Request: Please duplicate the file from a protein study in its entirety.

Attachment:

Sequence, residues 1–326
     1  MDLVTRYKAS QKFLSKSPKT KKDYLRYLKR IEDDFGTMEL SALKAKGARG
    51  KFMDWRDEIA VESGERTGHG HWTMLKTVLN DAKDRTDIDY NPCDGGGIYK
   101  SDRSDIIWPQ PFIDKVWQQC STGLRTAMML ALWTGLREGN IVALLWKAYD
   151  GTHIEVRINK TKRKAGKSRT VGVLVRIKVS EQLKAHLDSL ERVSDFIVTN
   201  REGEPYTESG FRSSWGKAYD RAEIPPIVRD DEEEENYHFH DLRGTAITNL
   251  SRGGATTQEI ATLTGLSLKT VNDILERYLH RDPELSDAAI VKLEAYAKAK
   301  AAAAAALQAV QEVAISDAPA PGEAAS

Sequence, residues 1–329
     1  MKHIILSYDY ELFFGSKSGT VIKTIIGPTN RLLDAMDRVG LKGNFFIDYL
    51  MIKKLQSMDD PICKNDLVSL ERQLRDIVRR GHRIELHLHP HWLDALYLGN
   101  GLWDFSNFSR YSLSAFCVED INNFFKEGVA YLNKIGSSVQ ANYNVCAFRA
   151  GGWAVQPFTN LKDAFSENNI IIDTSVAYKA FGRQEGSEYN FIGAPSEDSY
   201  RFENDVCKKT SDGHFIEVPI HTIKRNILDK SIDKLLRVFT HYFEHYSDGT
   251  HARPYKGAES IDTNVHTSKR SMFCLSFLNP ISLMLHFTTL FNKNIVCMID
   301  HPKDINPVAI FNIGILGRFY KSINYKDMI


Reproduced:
Sequence, residues 1–326
     1  MDLVTRYKAS QKFLSKSPKT KKDYLRYLKR IEDDFGTMEL SALKAKGARG
    51  KFMDWRDEIA VESGERTGHG HWTMLKTVLN DAKDRTDIDY NPCDGGGIYK
   101  SDRSDIIWPQ PFIDKVWQQC STGLRTAMML ALWTGLREGN IVALLWKAYD
   151  GTHIEVRINK TKRKAGKSRT VGVLVRIKVS EQLKAHLDSL ERVSDFIVTN
   201  REGEPYTESG FRSSWGKAYD RAEIPPIVRD DEEEENYHFH DLRGTAITNL
   251  SRGGATTQEI ATLTGLSLKT VNDILERYLH RDPELSDAAI VKLEAYAKAK
   301  AAAAAALQAV QEVAISDAPA PGEAAS

Sequence, residues 1–329
     1  MKHIILSYDY ELFFGSKSGT VIKTIIGPTN RLLDAMDRVG LKGNFFIDYL
    51  MIKKLQSMDD PICKNDLVSL ERQLRDIVRR GHRIELHLHP HWLDALYLGN
   101  GLWDFSNFSR YSLSAFCVED INNFFKEGVA YLNKIGSSVQ ANYNVCAFRA
   151  GGWAVQPFTN LKDAFSENNI IIDTSVAYKA FGRQEGSEYN FIGAPSEDSY
   201  RFENDVCKKT SDGHFIEVPI HTIKRNILDK SIDKLLRVFT HYFEHYSDGT
   251  HARPYKGAES IDTNVHTSKR SMFCLSFLNP ISLMLHFTTL FNKNIVCMID
   301  HPKDINPVAI FNIGILGRFY KSINYKDMI